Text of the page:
Griffin went on to admit that her mother – who sometimes takes part in her show on Bravo!, is a fan of Palin, Bill O’Reilly and Fox News. Griffin: "My mother, of course, loves her, and my mother loves Fox News and she loves Bill O'Reilly, and we get into big fights about it. She calls Bill O'Reilly her boyfriend because she's crazy."
On last night's "O'Reilly Factor," host Bill O'Reilly and guest analyst Arthel Neville discussed the possibly impending Comedy Central show "JC" - as in Jesus Christ.
Given the network's past treatment of Christianity, the portend for this show is hardly positive.
Which is why the Media Research Center has put together a coalition to ask advertisers to publicly pledge to not underwrite/support the show.
Citizens Against Religious Bigotry (CARB) (which Ms. Neville graciously mentioned by name) is made up of many organizations - made up of Christians, Jews and Muslims - who would like to see religion not be the butt of raunchy/tasteless jokes, and who don't think America's advertisers should help fund said alleged humor.
A petition to advertisers (to be found on the CARB website) has garnered more than 115,000 signatures thus far.
And if you aren't familiar with how Comedy Central does Christianity, watch this video and you'll get an idea of what can be expected should JC ever make it to the airwaves.
On the Friday, May 21, The O’Reilly Factor, host Bill O’Reilly highlighted the latest right-leaning musical parody produced by singer Ray Stevens, this time taking aim at illegal immigration and noting the tougher treatment of illegal immigrants in other countries. The song, titled "Come to the USA," begins:
If you thinkin’ about illegal immigration,
Be careful when you’re choosin’ the nation
‘Cause breakin’ the law in some countries is frowned upon.
On Tuesday’s The O’Reilly Factor, host Bill O’Reilly held a discussion with FNC Strategic Analyst and retired Lieutenant Colonel Ralph Peters about the New York Times leaking information on U.S. military activity, as Peters charged that the Times was endangering covert agents: "They tipped our secret operations, our black operations approach to the Iranians, to the Syrians, to the terrorists. It made it much harder and much more dangerous for our agents, for our special operators to collect intelligence, to take direct action, to protect our country, to advance our interests." He and O’Reilly soon added:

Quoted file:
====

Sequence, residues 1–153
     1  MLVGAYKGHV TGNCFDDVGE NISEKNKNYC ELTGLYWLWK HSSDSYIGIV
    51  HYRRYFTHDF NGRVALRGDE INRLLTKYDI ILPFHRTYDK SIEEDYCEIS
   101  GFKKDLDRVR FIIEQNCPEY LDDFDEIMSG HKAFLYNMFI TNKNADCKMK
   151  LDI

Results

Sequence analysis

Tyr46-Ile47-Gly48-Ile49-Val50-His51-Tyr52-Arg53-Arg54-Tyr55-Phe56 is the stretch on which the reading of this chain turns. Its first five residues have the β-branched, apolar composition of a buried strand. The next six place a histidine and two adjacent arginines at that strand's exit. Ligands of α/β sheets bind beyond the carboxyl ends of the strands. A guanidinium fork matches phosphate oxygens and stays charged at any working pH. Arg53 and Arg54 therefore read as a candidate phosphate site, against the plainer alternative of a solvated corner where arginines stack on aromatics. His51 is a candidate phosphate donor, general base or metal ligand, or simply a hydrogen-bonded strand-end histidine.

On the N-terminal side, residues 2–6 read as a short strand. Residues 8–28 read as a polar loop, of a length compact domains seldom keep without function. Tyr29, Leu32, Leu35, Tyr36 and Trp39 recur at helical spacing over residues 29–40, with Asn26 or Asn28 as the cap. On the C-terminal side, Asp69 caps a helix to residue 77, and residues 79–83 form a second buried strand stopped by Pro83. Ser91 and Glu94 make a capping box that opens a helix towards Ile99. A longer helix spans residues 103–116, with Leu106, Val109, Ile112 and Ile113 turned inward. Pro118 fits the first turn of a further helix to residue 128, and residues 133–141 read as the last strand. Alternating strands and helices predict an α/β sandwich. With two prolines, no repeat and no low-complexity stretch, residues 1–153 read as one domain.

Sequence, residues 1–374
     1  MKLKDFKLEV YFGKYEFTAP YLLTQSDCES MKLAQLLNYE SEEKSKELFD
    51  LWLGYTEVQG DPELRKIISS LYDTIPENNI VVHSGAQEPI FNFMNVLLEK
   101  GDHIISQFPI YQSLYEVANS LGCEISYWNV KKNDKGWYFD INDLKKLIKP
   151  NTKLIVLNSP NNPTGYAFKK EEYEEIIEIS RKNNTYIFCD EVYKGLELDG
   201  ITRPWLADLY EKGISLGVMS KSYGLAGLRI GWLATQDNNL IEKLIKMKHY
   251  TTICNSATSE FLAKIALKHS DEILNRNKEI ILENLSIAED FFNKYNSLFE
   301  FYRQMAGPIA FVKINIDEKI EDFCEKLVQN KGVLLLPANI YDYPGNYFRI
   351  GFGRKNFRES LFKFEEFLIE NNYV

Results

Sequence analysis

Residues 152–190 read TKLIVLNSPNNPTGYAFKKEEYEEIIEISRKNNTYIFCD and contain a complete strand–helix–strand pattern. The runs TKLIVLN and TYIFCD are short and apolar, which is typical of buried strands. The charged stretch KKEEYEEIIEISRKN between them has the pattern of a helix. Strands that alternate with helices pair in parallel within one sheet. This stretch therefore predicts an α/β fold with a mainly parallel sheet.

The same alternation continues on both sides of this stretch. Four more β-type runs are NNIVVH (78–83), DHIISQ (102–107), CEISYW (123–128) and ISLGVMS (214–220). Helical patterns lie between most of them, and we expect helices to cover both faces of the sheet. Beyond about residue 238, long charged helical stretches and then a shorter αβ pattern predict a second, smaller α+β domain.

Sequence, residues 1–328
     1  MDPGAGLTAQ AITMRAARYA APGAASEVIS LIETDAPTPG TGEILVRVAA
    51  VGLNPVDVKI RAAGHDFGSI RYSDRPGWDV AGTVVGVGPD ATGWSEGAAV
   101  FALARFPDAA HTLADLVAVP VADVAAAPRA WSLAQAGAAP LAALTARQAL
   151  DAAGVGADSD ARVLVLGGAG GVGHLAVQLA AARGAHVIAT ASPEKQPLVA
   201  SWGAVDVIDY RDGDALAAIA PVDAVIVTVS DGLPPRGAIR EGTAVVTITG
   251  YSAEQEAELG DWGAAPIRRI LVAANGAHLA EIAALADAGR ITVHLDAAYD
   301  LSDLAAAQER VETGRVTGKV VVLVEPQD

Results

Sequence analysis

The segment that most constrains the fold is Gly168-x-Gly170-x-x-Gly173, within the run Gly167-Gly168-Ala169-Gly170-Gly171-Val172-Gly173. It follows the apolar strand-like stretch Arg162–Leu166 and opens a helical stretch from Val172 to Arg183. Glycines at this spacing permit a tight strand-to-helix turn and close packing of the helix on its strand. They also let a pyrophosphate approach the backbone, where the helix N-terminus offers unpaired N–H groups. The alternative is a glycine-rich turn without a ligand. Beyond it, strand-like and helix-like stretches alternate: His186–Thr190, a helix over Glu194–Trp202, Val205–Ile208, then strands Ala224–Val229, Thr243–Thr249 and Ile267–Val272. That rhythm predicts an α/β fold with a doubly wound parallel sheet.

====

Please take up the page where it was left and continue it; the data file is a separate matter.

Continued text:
RETIRED LIEUTENANT COLONEL RALPH PETERS: And it's also hurt us with countries that are pseudo-friends, such as Saudi Arabia and Pakistan because, and Yemen, because it's said that we're going to run operations against them.
BILL O'REILLY: Yeah, they don't want their people to know they're cooperating with the United States in any kind of a mission or operation, Yemen in particular.
The FNC analyst also recounted some of the Times’s past transgressions against American national security:
On Monday’s The O’Reilly Factor, during the show’s regular "Reality Check" segment, FNC host O’Reilly seemed to pick up on a NewsBusters item which highlighted ABC’s Sam Donaldson and Cokie Roberts defending Mexican President Felipe Calderon using his speech in Congress as a forum to criticize Arizona’s effort to enforce laws against illegal immigration. In their defense of Calderon on Sunday's This Week show's Roundtable segment, the the two ABC News veterans brought up past American Presidents criticizing communist dictators in China and the Soviet Union.
Below is a transcript of the relevant portion of the "Reality Check" from the Monday, May 24, The O’Reilly Factor on FNC:
Bill O'Reilly on Monday offered an obviously satirical solution to the Gulf oil spill that has generated some ire from the usual suspects on the left: "stuff every member of NBC News in that hole."
As readers are well aware, the Fox News personality has had an ongoing war with General Electric and its television subsidiary over its dramatic left-leaning approach to covering the news.
With that in mind, while chatting with the folks from Fox & Friends by phone Monday about a variety of issues, O'Reilly made the following tongue-in-cheek remark when the subject of the crisis in the Gulf of Mexico surfaced (video follows with partial transcript):